Shafer Commission

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The Shafer Commission, formally known as the National Commission on Marihuana and Drug Abuse, was appointed by U.S. President Richard Nixon in the early 1970s. Its chairman was former Pennsylvania Governor Raymond P. Shafer. The commission issued a report on its findings in 1972 that called for the decriminalization of marijuana possession in the United States. The report was ignored by the White House, but is an important document against prohibition.

While the Controlled Substances Act was being drafted in a House committee in 1970, Assistant Secretary of Health Roger O. Egeberg had recommended that marijuana temporarily be placed in Schedule I, the most restrictive category of drugs, pending the Commission's report. On March 22, 1972, the Commission's chairman, Raymond P. Shafer, presented a report to Congress and the public entitled "Marihuana, A Signal of Misunderstanding," which favored ending marijuana prohibition and adopting other methods to discourage use.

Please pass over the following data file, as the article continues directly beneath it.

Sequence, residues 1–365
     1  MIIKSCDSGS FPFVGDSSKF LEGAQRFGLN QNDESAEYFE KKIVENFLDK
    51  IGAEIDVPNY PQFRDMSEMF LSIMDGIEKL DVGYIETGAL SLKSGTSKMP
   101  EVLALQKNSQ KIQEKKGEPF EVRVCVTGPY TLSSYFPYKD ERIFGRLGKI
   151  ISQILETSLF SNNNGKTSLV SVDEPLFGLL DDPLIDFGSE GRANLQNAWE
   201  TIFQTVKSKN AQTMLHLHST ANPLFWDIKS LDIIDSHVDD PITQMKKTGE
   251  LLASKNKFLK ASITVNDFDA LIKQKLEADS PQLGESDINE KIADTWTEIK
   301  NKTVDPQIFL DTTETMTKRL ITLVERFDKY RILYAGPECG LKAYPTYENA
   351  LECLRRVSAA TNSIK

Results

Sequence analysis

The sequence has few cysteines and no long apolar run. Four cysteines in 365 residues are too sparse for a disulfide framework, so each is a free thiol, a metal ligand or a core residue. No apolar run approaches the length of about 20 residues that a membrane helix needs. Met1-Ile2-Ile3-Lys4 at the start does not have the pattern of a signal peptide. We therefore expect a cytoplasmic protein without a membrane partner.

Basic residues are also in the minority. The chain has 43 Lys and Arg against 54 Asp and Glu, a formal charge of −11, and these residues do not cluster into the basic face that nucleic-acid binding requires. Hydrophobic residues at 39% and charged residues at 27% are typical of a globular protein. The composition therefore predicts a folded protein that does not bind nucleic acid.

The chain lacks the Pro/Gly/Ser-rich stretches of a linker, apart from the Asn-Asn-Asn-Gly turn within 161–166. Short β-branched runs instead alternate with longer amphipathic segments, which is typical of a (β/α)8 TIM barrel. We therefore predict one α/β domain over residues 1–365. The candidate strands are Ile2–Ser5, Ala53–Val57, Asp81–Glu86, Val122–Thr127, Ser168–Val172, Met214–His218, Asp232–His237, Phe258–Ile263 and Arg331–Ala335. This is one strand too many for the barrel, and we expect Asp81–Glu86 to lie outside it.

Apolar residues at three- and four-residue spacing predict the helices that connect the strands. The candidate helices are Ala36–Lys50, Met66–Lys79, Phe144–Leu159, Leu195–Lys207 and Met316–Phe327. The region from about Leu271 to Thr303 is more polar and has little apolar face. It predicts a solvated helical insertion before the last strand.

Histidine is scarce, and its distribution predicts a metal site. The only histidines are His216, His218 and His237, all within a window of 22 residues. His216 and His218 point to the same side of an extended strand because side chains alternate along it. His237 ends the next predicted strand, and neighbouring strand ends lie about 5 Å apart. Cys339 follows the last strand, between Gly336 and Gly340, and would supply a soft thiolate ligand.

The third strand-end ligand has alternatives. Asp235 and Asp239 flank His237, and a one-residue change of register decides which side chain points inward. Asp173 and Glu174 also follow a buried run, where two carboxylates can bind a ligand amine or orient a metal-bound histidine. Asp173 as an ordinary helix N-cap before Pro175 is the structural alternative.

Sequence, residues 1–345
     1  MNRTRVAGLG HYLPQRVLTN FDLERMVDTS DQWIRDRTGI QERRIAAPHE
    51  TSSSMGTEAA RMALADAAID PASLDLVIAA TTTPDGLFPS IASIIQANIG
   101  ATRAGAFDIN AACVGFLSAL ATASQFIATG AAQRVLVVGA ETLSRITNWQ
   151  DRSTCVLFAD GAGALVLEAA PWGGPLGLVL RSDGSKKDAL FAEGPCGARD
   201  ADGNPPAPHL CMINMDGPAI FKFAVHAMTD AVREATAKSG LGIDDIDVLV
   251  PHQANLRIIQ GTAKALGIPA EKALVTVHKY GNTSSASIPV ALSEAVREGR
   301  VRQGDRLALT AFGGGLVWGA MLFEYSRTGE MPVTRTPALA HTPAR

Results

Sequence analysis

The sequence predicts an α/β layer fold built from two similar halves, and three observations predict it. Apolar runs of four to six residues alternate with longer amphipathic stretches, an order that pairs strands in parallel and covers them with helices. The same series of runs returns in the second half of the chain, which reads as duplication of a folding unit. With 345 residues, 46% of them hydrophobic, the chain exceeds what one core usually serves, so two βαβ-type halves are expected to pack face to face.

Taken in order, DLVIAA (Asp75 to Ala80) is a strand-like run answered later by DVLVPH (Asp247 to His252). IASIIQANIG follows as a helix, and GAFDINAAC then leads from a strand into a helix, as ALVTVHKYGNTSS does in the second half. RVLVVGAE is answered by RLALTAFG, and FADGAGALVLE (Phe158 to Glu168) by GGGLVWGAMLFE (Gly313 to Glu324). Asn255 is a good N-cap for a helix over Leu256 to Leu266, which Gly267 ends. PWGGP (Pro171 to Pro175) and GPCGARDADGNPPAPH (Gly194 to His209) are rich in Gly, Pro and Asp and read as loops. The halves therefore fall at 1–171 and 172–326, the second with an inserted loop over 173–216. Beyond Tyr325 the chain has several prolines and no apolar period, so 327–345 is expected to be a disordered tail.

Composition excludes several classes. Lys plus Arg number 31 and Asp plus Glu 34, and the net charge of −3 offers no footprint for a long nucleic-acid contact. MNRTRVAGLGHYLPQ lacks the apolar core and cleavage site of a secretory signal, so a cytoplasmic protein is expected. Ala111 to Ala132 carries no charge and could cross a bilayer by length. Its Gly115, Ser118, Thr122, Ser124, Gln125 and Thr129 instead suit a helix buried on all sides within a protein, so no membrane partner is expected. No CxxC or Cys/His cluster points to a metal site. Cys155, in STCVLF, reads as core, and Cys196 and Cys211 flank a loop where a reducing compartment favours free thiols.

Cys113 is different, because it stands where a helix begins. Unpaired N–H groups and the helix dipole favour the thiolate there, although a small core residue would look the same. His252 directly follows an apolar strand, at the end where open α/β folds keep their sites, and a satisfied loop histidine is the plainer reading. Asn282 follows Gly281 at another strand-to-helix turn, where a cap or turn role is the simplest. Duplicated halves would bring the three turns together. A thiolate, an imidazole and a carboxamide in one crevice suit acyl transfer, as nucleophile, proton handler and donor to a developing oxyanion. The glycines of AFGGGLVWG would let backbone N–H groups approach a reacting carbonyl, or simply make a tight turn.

The Commission's report said that while public sentiment tended to view marijuana users as dangerous, they actually found users to be more timid, drowsy and passive. It concluded that cannabis did not cause widespread danger to society. It recommended using social measures other than criminalisation to discourage use. It compared the situation of cannabis to that of alcohol.[1]

The Commission's proposed decriminalization of marijuana possession was opposed, in 1974, by the recommendations of a congressional subcommittee chaired by Senator James Eastland.[2]

The Nixon administration did not implement the recommendations from The National Commission on Marihuana and Drug Abuse. However, the report has frequently been cited by individuals supporting removal of cannabis from Schedule I of the Controlled Substances Act.[3]

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